manual therapy treatment of lower crossed syndrome includes massage to the muscles of the low back

A manual therapy case study on lower crossed syndrome.

Manual therapy case study of Lower Crossed Syndrome:

Kori is a 30-year-old store clerk how works at a high-end clothing store. Her low back has been tight for as long as she can remember, but she never had any pain until recently. The pain began approximately six months ago. It was occasional at first, but now she feels it most of the day, so she has decided to go to a clinical orthopedic massage therapist. She has no lower extremity referral pain. Kori also reports that she wears high heel shoes all day at work and has been wearing high heels for many years.

The therapist performed a static assessment of her posture and noted a greatly increased anterior pelvic tilt with a hyperlordotic lumbar spine (hallmark signs of lower crossed syndrome). Kori’s thoracic spine is slightly increased and her head is slightly protracted. Palpation assessment revealed tight low back extensors and hip flexors. Digital pressure over the lumbosacral region reproduced the characteristic pain that Kori has been experiencing. Kori’s abdominal wall and gluteal musculature are not well toned. Active and passive straight leg raise are negative for pain or referral of symptoms into the lower extremity; and Nachlas and Yeoman’s tests are negative. Lumbar spine ranges of motion are all within normal limits except that flexion is decreased and extension causes low back pain in the lumbar region. Hip joint extension and abduction are also decreased bilaterally.

Deep pressure into the lumbar paraspinal musculature using a braced flat palm contact. Permission: Joseph E. Muscolino. Permission: Joseph E. Muscolino. Manual Therapy for the Low Back and Pelvis (2015).

Deep pressure into the lumbar paraspinal musculature using a braced flat palm contact. Permission: Joseph E. Muscolino. Permission: Joseph E. Muscolino. Manual Therapy for the Low Back and Pelvis – A Clinical Orthopedic Approach (2015).

Given the assessment of lower crossed syndrome, the therapist recommended two one-hour massages per week for four weeks and one one-hour massage per week for the following 8 weeks. The therapist also referred the client/patient out to a Pilates instructor with the request that the Pilates instructor pay specific focus on correcting the dysfunctional lower crossed postural pattern by increasing strength of Kori’s (core) Powerhouse.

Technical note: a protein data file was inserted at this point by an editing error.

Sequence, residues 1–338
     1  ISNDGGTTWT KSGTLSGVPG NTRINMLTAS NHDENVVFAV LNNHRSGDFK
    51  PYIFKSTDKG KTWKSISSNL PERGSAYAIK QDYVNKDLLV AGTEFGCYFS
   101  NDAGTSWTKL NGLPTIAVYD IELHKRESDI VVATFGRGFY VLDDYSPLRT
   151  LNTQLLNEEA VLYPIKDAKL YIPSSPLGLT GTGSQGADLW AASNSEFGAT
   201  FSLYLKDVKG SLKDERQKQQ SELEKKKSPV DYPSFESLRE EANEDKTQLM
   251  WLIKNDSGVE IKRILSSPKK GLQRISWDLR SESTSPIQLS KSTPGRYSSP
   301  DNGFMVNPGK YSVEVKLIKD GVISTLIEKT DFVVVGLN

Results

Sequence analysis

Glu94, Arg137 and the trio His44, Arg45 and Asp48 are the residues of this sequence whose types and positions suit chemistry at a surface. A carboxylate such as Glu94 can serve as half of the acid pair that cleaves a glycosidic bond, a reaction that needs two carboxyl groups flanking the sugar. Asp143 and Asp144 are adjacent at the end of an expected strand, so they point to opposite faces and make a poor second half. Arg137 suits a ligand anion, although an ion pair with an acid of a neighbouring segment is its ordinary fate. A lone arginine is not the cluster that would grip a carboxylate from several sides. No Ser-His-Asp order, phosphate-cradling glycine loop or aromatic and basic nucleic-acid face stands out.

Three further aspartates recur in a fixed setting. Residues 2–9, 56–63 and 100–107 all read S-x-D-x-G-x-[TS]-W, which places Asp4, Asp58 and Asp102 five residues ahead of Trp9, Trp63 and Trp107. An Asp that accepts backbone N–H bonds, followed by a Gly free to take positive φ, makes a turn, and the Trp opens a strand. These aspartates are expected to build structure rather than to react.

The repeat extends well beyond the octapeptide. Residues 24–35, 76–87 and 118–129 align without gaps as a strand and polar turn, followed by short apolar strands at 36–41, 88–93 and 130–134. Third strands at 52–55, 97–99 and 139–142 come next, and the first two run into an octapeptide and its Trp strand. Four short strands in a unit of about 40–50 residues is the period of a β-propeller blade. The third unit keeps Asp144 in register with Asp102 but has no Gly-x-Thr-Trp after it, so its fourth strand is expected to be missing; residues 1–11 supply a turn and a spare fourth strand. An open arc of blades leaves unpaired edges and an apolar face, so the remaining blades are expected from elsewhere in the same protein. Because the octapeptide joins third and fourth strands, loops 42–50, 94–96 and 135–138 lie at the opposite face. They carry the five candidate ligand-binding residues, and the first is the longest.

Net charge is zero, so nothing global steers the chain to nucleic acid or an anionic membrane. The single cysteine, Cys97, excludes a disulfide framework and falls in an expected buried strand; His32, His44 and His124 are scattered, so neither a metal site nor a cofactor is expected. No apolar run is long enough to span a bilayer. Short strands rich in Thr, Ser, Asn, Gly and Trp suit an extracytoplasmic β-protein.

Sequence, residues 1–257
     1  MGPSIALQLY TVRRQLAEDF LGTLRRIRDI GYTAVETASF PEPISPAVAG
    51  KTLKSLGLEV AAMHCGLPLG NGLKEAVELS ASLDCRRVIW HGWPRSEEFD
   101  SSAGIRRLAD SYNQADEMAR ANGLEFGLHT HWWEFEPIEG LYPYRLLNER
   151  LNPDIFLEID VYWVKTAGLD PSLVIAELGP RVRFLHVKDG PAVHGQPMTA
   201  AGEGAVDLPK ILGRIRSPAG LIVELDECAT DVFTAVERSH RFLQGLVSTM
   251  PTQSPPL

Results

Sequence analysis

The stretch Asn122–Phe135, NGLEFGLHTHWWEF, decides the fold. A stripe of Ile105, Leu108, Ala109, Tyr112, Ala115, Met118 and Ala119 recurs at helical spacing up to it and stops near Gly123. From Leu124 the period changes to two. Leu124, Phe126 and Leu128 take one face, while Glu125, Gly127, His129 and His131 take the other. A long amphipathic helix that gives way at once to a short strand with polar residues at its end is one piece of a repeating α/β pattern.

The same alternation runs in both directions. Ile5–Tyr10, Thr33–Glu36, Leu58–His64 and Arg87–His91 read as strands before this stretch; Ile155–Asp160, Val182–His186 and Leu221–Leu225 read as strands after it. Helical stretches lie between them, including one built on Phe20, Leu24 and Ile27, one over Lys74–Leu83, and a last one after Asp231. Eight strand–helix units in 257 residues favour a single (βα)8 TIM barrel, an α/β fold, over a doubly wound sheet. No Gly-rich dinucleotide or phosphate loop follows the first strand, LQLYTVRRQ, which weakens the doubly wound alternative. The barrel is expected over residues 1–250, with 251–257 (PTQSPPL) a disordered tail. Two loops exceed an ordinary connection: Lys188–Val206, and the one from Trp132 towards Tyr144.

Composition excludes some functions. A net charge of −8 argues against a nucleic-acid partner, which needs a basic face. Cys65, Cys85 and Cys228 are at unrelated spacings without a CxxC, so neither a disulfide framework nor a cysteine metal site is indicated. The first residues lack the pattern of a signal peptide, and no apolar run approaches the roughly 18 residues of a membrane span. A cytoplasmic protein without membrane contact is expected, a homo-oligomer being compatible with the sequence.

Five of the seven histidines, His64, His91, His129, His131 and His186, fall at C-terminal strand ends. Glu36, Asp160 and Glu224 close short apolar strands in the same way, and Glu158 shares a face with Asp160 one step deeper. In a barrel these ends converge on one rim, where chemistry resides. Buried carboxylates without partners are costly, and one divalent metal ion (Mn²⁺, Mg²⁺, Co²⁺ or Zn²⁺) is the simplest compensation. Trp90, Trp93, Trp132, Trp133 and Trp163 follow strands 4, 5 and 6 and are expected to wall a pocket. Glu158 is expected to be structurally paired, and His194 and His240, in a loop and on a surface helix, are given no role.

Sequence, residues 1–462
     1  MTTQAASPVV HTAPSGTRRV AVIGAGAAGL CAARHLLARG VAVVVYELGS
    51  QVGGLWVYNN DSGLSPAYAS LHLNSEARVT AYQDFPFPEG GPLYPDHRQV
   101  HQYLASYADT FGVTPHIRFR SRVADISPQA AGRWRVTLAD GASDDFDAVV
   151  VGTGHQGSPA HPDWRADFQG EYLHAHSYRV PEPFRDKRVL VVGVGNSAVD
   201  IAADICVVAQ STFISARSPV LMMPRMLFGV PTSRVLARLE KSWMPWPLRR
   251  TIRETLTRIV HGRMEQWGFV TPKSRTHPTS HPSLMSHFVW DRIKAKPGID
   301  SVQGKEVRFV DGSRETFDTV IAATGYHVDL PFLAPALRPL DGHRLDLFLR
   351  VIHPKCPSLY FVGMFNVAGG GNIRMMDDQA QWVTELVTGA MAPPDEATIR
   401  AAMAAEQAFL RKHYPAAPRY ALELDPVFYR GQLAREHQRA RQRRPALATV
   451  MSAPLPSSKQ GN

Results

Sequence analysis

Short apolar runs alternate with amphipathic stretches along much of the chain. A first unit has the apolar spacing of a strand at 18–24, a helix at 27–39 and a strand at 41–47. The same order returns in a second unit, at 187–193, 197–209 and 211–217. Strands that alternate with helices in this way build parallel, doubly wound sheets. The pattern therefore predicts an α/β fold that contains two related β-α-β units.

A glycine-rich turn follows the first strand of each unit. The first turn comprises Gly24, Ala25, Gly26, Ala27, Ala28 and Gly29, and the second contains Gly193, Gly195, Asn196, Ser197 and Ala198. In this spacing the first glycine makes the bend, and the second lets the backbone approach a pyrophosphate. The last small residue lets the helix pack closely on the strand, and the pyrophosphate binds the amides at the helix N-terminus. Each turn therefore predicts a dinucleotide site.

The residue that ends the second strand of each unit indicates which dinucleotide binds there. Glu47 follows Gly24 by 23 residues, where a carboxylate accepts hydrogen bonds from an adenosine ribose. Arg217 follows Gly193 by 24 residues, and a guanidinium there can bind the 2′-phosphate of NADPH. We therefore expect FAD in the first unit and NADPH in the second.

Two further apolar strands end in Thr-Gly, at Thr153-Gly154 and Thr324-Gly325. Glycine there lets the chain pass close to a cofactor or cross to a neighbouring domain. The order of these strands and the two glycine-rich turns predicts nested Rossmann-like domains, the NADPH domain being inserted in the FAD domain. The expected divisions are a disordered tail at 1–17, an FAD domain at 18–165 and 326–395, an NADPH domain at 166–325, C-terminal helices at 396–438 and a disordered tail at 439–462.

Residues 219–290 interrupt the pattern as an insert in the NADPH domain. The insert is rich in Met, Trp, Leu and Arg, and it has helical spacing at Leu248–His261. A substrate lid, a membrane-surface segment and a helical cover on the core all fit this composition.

With the client prone, soft tissue manipulation was performed on the lumbosacral spine’s paraspinal (erector spinae and transversospinalis) and quadratus lumborum musculature for approximately 5-10 minutes, gradually transitioning from mild to deeper pressure. This was followed by moist heat for an additional 5-10 minutes while the therapist worked Kori’s thoracic and cervical spine. The therapist then had Kori lie supine and massaged her hip flexors and adductors with mild to moderate pressure for 5-10 minutes. Heat was then placed on the proximal anteromedial thigh while the therapist worked the proximal belly of the psoas major through Kori’s anterior abdominal wall.

The therapist left the room while Kori then changed into flexible shorts and a top so that low back and hip joint stretching could be done without the difficulty of working with draping. The therapist performed knee to chest and double knee to chest stretches for the low back, and then stretched all sides of Kori’s hip joints bilaterally, with special attention to the hip flexors anteriorly, adductors medially, and lateral rotators posteriorly. Pin and stretch stretching technique was performed for the psoas major distal belly/tendon and for the piriformis, and contract relax (CR) stretching technique was performed for the adductor group. With the time remaining, the therapist performed joint mobilization (arthrofascial stretching) of the lumbar spine.

Each session was carried out in a similar manner, with increasing depth of pressure and assertiveness of stretching as Kori gradually improved. Kori was given self-care stretches for the hip flexors and adductors as well as her low back; and she was told to perform these stretches two to three times per day after hot shower or other form of moist heat application. And she was given posterior pelvic tilt exercises. Finally, proper posture at work and home was discussed, including the recommendation to gradually wean off of wearing high heel shoes.

At the end of twelve weeks, Kori’s pain was gone and her lower crossed syndrome postural dysfunction showed the beginning of improvement. For proactive self-care with the goal of continuing to improve her lower crossed syndrome postural distortion, Kori continues to receive clinical orthopedic massage once or twice each month and continues to do Pilates once per week with an instructor and twice per week at home on her own.